It is precisely the ability to seek out the new (or the old, with fresh eyes)
and to maintain a sense of wonder even in our hometowns......."

Seriously.  I could not have put it better.

So YES! I HAVE been traveling. Like crazy. and I am so grateful for
the place I live and the people I share it with.
Thank you ,  Thank you

In my "travels" I have discovered what many of you probably
take for granted about me, my favorite way to express gratitude for this
abundant life is to feed you!

Here is a delicious dish of pasta I made with a huge haul from the garden the other day:


1 pound of your favorite pasta, plus a little cooking water
I used the Sweet Potato Buckwheat noodles from King Soba
4 cups cubed eggplant
2 cups cubed zucchini
4 cups chopped fresh tomatoes
1 sweet onion, diced
oil, salt and pepper
1 +/-  cup basil pesto
A little bit of your favorite mozzarella like cheese

I used this wonderful goat's milk cheese I just found at the Blue Hill Coop:

Preheat your oven somewhere between 400 and 450 degrees
Cook your pasta in lots of salted water until al dente, drain - saving
some of the cooking liquid, not more than a cup-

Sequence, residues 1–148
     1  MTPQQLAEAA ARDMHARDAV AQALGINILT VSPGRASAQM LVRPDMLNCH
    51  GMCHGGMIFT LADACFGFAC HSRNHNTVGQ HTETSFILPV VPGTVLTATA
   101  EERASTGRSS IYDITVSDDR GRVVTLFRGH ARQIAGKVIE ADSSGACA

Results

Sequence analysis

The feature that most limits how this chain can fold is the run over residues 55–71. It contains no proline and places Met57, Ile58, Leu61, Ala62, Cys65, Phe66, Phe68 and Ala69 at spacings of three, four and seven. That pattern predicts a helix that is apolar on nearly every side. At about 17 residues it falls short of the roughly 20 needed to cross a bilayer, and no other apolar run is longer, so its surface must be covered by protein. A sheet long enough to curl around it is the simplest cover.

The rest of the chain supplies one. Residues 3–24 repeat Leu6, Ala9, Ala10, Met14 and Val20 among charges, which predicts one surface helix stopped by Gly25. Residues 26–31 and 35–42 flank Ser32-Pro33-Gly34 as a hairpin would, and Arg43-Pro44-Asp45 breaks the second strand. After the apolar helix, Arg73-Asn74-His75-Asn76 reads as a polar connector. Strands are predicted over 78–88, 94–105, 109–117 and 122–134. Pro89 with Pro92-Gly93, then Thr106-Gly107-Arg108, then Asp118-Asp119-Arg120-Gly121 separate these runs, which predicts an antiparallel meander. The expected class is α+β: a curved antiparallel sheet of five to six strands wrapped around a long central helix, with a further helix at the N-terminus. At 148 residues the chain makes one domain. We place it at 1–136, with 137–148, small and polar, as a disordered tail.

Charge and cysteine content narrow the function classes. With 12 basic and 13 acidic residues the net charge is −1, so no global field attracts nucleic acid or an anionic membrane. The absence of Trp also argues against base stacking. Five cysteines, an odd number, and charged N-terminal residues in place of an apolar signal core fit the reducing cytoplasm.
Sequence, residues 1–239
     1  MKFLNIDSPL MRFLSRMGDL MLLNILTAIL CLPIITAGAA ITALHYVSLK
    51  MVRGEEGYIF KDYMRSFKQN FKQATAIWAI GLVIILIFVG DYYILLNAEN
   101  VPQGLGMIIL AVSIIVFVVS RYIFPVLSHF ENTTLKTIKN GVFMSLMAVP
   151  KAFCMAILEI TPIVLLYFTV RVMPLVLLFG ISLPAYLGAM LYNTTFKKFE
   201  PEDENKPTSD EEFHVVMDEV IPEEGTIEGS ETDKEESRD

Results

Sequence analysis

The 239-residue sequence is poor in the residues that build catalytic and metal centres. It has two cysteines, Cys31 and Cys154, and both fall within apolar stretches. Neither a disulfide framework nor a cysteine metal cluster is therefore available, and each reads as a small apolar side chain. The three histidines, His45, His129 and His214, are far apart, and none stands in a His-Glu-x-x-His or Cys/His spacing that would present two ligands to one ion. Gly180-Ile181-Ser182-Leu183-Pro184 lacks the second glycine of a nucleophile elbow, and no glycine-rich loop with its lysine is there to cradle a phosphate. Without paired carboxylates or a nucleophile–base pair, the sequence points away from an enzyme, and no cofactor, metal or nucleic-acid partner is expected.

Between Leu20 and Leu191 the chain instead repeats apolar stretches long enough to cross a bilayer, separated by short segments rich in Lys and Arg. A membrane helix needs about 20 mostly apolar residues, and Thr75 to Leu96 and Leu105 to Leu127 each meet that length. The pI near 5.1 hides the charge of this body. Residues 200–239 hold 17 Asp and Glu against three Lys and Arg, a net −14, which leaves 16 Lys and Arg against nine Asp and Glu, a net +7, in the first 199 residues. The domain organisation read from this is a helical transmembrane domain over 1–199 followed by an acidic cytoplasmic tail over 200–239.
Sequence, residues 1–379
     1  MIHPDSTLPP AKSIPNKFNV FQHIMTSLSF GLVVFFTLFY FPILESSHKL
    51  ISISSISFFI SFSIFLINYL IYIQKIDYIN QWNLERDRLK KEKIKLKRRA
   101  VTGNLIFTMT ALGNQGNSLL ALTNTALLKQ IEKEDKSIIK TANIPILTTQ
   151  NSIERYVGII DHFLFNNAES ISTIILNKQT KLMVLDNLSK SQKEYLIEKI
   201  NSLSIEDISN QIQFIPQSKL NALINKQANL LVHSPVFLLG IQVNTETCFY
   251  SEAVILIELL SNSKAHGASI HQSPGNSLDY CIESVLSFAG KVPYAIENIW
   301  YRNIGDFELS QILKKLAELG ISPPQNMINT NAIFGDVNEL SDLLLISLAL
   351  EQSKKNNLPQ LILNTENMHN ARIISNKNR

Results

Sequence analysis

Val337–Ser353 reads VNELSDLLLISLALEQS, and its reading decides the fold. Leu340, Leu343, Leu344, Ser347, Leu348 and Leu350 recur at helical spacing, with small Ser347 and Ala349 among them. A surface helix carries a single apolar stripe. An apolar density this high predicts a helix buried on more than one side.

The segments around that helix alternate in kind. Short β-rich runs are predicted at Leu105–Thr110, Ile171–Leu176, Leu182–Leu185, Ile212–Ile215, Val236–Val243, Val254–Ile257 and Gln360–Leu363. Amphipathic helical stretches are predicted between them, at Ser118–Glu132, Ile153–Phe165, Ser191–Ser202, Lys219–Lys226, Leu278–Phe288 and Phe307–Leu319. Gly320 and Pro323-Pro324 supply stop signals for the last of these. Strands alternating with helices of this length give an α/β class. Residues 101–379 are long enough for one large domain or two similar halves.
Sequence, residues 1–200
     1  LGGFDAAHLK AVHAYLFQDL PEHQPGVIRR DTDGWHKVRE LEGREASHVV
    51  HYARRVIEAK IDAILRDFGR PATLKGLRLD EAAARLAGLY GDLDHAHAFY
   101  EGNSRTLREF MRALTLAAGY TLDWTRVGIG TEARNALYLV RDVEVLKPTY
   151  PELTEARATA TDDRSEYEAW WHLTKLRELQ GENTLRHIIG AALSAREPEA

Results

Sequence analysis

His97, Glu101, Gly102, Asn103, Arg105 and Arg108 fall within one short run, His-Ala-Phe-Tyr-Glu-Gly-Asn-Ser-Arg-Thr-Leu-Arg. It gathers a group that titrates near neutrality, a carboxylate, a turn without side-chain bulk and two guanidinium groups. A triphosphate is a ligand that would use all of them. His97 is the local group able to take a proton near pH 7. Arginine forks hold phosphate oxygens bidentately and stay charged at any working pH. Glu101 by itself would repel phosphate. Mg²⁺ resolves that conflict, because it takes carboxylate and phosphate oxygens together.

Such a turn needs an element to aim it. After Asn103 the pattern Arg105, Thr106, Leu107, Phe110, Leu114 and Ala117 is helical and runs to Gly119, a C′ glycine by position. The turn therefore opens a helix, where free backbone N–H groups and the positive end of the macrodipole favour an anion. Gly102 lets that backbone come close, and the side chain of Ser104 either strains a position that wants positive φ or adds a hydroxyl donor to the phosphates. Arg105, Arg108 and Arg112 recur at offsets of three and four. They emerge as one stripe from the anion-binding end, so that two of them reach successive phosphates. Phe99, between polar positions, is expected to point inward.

and rinse in cold water, set aside

Toss your zucchini and eggplants (separately) lightly in oil, season
with a bit of salt and on separate trays roast them in your hot oven until
tender and caramelized, turning them occasionally to promote even browning
This should take about 20 minutes.
You are keeping them separate because they take different times to cook

meanwhile, put your pasta into a big bowl, with the fresh tomatoes,
diced onion and some grated cheese

Throw your roasted veggies in when they come out

along with the pesto and a little pasta water to loosen it all up
(If you don't remember to save some pasta water, which I often forget to do,
just add a bit of water from the tap.  You don't need much)

Serve warm or at room temp with extra pesto on top and a drizzle
of really nice olive oil for pure decadence.

 And travel through your days with your eyes and heart open

Happy Monday

Friday, August 24, 2012

A Pretty House

Dinner with friends,
 using freshness from the garden

Savon Marseille Soaps, 
half price at T.J. Maxx

and a loving home,
 these are a few of my favorite things...

Let's take a peek in Rhea's house

Wonderful use of color, textures and textiles to create a very
Anthropologie modern home, with warmth and individuality

Enjoy your weekend everyone
and take a moment to indulge in a favorite thing or two...

It just makes you feel better.

Wednesday, August 22, 2012

Luscious and Honey

Corn that is,
 two types,
Luscious and Honey
Bob gave me 6 ears straight off the stalks
 yesterday at Old Ackley Farm

I was supposed to tell him which one I liked best

That is like trying to pick between two of your children!
They are both awesome for different reasons

Luscious being juicy and sweet and
 Honey really had a hint of honey in it's milky goodness

After eating a little of both, almost raw, I decided to make